So Spring is, well coming, the good and bad news... it's inevitable no matter how bad of a winter you have experienced, you can count on spring with its thoughts of Baseball, butterflies, flowers and OH YES THE BAD NEWS, ALLERGIES!
Anyone with springtime seasonal allergies is going to be miserable. Normally, your immune system is there to help defend you from bad germs, but sometimes it just flat out betrays us and overreacts to common environmental or ingested food or medicine by having an allergic reaction or an asthma attack.
Some of these common allergens are pollen, dust mites, food, etc. that can cause a runny nose, coughing, itching, hives, or other issues including more life threatening symptoms. Luckily most people suffering from allergies get mild yet annoying symptoms - the more sensitive the individual that is exposed to the allergen the more urgent or more diligent we need to be in prevention. For those with asthma it is possible for the allergen to cause an attack including wheezing, coughing, and difficulty breathing.
People afflicted with asthma can also get an attack from other irritants; this is why medical professionals suggest to get a flu shot because if there is an existing breathing issue the flu can be very difficult or even deadly. Allergies and asthma can't be cured, occasionally people grow out of the allergy, but you and your doctor can make a daily action plan that can reduce your symptoms and help you lead a healthy, active life.
Cleaning the air is a great start to controlling allergies. Cold Craft has maintenance programs where we will replace the filter during a maintenance appointment if we know the size ahead of time. Also ask a Cold Craft professional about more thorough ways to filter your air there are a lot of filter options especially for those suffering from allergies. Installing air conditioning can also help by making is unnecessary to open your windows to cool your home.
Here is some help from WebMD...
By Amanda Gardner
Reviewed By Brunilda Nazario, MD
You can live a full and active life even when you have allergic asthma.
Joanna Thomas has had severe allergic asthma since she was 2 years old. Her asthma is triggered, she says, by "just about everything." But today at 72, she travels, volunteers, exercises, and generally enjoys life.
You can, too.
Clear the Air
There's only so much you can do about outdoor air quality, but you can control the air quality inside your home. For starters, keep your windows shut.
Thomas finds that a HEPA filter (which stands for high-efficiency particulate air filter) keeps the air in her house clean by filtering out dust mites, pet dander, and other allergens.
Plan for Exercise
You can and should exercise. It helps your lungs and heart work better, and it builds your strength and endurance. If you choose an outdoor activity, try to limit the pollen and irritants you bring inside with you. As soon as you come in, take off your clothes and shower. Make sure to wash or rinse your hair.
On some days, when the pollen count is high, that might not be enough. Exercise inside on those days. Thomas has a folding, rollable treadmill that she can use in her home. She even takes it with her on vacations in her RV. Other people with allergic asthma find that yoga is a good inside alternative.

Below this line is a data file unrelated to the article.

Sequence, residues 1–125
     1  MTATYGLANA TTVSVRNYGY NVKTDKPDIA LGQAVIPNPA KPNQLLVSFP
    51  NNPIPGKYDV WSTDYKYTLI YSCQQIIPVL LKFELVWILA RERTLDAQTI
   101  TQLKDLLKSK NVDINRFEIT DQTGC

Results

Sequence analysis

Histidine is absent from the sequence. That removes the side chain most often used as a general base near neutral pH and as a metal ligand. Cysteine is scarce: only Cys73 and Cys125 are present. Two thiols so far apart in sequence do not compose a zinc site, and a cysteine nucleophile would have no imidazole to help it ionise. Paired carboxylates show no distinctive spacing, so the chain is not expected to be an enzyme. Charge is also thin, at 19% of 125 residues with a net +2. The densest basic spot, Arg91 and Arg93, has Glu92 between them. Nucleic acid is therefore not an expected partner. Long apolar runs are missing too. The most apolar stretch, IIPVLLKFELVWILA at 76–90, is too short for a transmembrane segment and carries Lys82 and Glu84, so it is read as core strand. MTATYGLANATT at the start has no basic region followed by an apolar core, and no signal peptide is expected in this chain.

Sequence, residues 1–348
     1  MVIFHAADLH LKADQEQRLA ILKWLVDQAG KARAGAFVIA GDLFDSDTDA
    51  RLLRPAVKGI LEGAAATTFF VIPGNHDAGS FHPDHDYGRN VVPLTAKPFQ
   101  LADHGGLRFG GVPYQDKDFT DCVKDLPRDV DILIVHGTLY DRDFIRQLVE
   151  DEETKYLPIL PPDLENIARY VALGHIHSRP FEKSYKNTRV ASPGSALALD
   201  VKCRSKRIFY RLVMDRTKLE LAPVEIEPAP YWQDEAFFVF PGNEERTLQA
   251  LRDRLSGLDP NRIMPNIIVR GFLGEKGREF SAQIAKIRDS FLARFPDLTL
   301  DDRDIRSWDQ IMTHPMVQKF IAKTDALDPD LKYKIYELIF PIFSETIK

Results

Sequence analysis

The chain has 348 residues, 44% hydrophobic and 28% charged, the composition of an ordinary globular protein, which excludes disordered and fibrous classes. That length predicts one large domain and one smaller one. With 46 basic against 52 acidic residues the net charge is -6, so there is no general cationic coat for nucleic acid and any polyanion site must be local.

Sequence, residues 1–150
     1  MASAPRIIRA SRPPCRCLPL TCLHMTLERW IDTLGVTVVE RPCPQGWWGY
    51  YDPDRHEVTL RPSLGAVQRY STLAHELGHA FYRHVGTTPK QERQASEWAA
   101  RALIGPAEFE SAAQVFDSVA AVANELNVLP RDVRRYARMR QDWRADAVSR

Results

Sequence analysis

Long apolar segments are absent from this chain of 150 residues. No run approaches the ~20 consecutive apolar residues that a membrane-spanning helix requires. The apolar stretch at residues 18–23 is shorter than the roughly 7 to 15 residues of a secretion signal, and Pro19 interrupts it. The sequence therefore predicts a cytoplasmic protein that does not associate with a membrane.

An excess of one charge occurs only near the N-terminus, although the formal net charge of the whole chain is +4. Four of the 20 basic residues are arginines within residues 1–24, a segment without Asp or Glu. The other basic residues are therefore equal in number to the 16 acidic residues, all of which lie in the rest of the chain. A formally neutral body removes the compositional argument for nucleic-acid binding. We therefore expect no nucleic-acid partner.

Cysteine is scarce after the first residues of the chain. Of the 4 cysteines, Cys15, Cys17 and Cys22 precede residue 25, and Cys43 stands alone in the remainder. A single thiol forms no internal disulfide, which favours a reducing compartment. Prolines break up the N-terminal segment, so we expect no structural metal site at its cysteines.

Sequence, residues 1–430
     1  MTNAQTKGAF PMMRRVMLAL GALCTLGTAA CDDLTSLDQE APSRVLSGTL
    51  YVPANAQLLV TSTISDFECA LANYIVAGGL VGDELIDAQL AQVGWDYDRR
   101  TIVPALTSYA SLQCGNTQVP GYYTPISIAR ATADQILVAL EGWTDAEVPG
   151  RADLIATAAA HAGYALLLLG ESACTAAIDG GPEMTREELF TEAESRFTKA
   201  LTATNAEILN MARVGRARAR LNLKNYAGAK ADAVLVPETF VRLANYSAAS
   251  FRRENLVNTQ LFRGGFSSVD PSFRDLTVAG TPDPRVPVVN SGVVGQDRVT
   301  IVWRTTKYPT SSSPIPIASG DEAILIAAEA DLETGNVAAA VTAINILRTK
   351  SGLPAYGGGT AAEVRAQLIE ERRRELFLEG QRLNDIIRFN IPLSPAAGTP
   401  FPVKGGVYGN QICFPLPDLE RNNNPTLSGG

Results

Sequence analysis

Rethink Your Home Decor
The surfaces in your home are as important as the air. Wash your curtains or, even better, replace them with blinds or other non-fabric window dressings. You can vacuum upholstered furniture. Dust items that are leather, plastic, vinyl, or wood with a damp cloth, Thomas says.
Thomas replaced all the carpet in her home with hard-surfaced flooring. Carpets can harbor allergens including dust mites, cockroach droppings, pollen, and mold spores.
Clean With Care
If you can't get rid of your carpet, the American Lung Association recommends vacuuming at least three times a week using a HEPA filter and while wearing a mask.
In fact, you should wear a mask for any type of cleaning. "I wear an ear-loop face mask," Thomas says.
What else can you do? Take out the garbage every day. Only empty the vacuum bag outside.
Protect Your Bed
Many companies make mattress and pillow covers. "They basically seal your mattress and your pillow case so you don't have a reaction," says Kim Franklin, 47, a nurse in Omaha, Neb. She was diagnosed with allergic asthma in 2002.
Thomas says you can also vacuum your mattress or use an upholstery tool to keep dust mites and other allergens at bay.
The American Lung Association recommends washing sheets, other bedding, and pajamas at least once a week in very hot water.
Beware of Dog (and Cat)
About a third of people with allergic asthma are triggered by cat dander. But if you're one of them, you may not have to give up a home with cats and other pets.
While there are no truly allergy-free dogs or cats, some breeds can be easier to live with. "Low-allergen" dogs include the poodle, bichon frise, and Maltese. Some people have good luck with Devon Rex cats.
And know your limits. Tom Miller, 64, a marketing executive in Indianapolis, developed allergic asthma 7 years ago. While two cats are too many for him, he says one cat in the house is no problem.
Watch What You Eat
Avoiding certain foods might help you breathe easier. Miller says his symptoms "dramatically decreased" within 2 days when he gave up gluten 2 months ago. "I can sleep through the night now," he says.
Thomas' quality of life improved when she figured out which foods wouldn't trigger her allergies. For her, safe foods include potatoes and frozen orange juice (supplemented with calcium).
Following these simple steps and getting a newer filtration system can help you be more comfortable when the allergens show up in the spring.
If you need help with temperature, contact Cold Craft, Inc.
408.374.7292 or INFO@COLDCRAFT.COM